If a judge is able to assert confidently that a homebrewed beer could be found on tap at a good beer bar (a metric I will add to my lexicon), it deserves a very high score. Suggestions to tweak the water profile or this-and-that malt or hop adjustment should be considered trivial compared to good fermentation, carbonation, and pH balance for the style. Very few beers will achieve this; reward those that do.
Part Three: Judging Judges Don’t be the new guy who waltzes (because there’s 3-to-4 odds you’ll look like an idiot) into the judging chamber (judges suit up, beers are redressed) and thinks he knows everything (yup, you’re a guy). And don’t be the judge who doesn’t listen to the new guy. Remember, you are Lady Justice; Ego plays no part in this comedy.
A person, who shall remain nameless, made themselves a pariah at the judge table on Thursday (apologies for any grammatical confusion with genderless pronouns). They chatted loudly, texted, and showed extreme bias. They irritated their fellow judges. I heard about it a day later, and still wonder what my reaction would have been had they been at my table. This is an outlier situation. I’ve judged with brand new judges before (and I was one as well, starry-eyed in awe of the whole thing), and worked hard to help acclimate people to thinking and tasting as objectively as possible, while simultaneously accepting that everybody’s palate is valid. All this within a time crunch; it’s not easy. And yet there are experienced judges who refuse to give good feedback; two word reviews are a slap in the face to the antsy homebrewer awaiting results. No, you can’t print “shit sandwich.”
You, beer judge, are a hero. You step out of your comfort zone not knowing what is going to be in your mouth. You risk headache, palate fatigue, losing an argument, and being a guinea pig for some schmo’s carrot-ginger-raisin experiment in exchange for a sandwich, all from a sense of duty you can’t fully explain. You are a first world middle class homebrew hero. Act like one.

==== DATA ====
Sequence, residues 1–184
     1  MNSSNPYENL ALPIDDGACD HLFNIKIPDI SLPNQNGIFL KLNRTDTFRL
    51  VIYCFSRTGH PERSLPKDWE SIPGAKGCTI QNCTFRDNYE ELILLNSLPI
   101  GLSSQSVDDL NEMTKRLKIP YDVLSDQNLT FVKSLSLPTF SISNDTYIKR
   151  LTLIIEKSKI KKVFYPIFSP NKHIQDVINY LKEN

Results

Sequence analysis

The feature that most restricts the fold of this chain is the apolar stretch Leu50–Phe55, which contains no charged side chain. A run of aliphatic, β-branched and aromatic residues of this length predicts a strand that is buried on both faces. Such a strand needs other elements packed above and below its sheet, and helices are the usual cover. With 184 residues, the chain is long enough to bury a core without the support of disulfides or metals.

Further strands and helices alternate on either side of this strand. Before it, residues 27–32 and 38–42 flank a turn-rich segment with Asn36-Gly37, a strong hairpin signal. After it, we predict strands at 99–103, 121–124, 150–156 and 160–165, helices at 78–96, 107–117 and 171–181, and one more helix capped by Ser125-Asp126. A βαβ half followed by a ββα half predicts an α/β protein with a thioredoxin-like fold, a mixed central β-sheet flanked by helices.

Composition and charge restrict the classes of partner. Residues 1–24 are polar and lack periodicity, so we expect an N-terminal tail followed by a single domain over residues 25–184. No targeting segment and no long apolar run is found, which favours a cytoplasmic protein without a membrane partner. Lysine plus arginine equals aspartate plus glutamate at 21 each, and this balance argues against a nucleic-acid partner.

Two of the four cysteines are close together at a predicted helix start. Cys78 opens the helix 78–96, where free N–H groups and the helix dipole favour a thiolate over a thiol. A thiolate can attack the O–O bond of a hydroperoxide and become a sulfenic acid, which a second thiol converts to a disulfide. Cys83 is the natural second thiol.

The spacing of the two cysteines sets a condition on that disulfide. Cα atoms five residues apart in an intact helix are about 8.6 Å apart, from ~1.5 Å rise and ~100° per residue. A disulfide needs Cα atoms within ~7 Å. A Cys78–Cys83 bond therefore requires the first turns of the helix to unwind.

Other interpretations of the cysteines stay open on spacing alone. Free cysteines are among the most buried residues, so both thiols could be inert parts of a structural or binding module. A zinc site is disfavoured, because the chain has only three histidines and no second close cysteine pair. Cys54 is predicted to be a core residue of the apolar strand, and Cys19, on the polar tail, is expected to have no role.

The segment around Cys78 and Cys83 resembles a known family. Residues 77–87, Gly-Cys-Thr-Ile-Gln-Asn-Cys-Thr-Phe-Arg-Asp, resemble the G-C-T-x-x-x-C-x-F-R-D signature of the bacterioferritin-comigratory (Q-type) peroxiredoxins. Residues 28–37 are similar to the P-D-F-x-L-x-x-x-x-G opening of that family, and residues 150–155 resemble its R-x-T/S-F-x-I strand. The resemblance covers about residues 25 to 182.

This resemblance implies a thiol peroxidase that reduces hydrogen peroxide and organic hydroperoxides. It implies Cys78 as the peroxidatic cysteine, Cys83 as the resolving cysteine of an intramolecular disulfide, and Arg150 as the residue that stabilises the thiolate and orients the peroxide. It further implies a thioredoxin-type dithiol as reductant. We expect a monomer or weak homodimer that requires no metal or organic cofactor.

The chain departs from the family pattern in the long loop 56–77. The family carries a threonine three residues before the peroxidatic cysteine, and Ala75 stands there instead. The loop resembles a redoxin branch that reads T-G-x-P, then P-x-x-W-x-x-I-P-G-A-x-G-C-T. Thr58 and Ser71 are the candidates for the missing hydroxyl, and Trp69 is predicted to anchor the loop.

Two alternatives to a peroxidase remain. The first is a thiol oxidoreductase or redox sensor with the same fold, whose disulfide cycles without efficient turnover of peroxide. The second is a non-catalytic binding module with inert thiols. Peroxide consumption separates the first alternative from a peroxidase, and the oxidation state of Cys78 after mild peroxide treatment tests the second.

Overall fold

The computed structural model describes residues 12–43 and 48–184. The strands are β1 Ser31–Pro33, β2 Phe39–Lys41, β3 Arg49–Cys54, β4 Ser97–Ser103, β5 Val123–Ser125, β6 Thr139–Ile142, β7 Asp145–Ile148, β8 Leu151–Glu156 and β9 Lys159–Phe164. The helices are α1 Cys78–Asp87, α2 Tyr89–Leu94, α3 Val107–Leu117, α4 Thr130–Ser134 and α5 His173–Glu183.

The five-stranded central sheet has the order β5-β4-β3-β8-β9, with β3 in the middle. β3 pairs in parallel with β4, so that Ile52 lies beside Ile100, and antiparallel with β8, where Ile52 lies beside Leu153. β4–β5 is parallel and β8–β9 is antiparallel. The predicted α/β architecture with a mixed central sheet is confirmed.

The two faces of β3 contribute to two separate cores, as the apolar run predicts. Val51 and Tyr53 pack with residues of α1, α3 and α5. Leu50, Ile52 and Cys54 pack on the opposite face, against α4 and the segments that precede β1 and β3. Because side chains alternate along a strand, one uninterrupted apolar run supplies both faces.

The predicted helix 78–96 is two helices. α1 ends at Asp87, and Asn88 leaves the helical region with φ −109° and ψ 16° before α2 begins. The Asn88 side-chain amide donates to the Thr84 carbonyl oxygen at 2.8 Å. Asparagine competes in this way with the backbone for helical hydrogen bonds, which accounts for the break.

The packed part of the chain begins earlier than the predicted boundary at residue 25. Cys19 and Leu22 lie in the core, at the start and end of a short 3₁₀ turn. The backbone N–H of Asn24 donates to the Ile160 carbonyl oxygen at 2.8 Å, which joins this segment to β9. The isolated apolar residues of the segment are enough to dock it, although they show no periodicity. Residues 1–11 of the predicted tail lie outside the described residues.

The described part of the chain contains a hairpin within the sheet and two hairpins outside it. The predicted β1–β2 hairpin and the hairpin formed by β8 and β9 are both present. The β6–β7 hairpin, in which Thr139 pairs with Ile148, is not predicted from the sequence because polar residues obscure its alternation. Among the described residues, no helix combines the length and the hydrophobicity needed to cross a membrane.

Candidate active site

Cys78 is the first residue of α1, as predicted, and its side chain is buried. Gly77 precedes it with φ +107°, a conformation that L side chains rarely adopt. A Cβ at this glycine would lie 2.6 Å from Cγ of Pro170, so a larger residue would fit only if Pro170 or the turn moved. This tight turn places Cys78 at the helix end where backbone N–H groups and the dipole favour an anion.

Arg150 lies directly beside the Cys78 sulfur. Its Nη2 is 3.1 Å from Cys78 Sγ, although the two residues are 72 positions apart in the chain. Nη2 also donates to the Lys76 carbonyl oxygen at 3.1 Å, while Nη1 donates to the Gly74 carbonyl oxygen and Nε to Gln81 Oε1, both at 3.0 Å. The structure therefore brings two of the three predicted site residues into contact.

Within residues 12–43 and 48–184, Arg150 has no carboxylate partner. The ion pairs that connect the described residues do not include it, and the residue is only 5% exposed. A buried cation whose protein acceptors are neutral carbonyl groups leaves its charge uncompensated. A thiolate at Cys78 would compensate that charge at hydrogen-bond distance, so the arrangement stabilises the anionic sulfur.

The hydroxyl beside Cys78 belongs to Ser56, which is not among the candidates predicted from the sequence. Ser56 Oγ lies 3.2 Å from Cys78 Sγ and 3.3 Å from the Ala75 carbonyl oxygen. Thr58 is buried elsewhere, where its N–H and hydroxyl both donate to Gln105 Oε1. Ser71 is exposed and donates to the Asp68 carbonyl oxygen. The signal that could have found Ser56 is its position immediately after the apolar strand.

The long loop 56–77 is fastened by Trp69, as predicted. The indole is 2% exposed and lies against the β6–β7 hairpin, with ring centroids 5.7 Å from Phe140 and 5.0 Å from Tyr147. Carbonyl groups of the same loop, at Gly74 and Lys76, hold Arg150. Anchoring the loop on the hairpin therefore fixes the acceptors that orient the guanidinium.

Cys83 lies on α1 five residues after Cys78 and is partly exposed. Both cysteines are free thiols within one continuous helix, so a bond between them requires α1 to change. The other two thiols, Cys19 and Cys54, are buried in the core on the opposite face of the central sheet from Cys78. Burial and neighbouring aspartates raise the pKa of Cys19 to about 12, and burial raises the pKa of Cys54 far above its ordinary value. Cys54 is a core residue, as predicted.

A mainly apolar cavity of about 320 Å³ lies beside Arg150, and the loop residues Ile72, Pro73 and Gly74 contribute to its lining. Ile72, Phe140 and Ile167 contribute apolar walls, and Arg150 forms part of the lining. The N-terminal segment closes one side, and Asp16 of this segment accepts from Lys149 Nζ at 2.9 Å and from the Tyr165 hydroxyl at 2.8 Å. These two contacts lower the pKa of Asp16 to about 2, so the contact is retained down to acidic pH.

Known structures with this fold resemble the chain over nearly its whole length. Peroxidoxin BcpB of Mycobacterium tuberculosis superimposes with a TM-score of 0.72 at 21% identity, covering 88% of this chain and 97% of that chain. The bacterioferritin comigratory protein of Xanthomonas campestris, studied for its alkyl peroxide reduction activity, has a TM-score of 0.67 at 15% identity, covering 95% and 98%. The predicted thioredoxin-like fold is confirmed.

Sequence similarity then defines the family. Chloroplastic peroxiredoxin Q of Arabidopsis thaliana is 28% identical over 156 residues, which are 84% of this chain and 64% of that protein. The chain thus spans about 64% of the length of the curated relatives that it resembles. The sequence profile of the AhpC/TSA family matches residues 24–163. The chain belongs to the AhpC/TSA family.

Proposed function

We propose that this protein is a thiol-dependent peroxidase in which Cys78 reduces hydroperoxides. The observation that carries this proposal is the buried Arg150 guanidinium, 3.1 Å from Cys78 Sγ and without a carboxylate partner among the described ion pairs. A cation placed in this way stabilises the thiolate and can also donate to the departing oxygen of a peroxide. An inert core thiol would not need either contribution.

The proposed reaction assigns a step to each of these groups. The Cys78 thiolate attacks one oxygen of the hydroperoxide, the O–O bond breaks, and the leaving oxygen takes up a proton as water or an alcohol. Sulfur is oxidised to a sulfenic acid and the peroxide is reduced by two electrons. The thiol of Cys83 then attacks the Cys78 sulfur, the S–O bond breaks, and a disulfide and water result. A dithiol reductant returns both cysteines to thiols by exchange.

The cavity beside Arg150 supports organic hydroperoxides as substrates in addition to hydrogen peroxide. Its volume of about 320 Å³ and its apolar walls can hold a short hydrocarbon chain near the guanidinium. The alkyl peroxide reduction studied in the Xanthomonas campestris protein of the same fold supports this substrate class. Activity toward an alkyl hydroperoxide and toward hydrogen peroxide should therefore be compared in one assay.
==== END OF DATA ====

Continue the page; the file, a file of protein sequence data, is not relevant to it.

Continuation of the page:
One year ago I was in Peru; we had flown to Cusco from Lima and taken a combi van to Ollantaytambo where we met our friends and their baby and their dog Rabbit. The day after we arrived, I assisted on the first of a two-day kettle sour beer at Cerverceria del Valle Sagrado, which my friends had helped build. The brewery is right next to the Urubamba River, and right across the street from thousand-foot cliffs. Finding a witbier at 9,000 feet elevation halfway across the world from its origin would have been a preposterous idea ten years ago. But there it was (and then wasn’t; I drank it).
Even odder was Wick’s, the English pub in Lima’s Barranco district. Barranco is the Peruvian version of the hip, low-slung neighborhood you might find in Portland or San Francisco. Every night, bands played at several spots on the sprawling plaza. Little kids zipped around on tiny wheels while parents watched percussion troupes. Native and tourist couples snogged and took selfies on el Puente de los Suspiros, the Bridge of Sighs.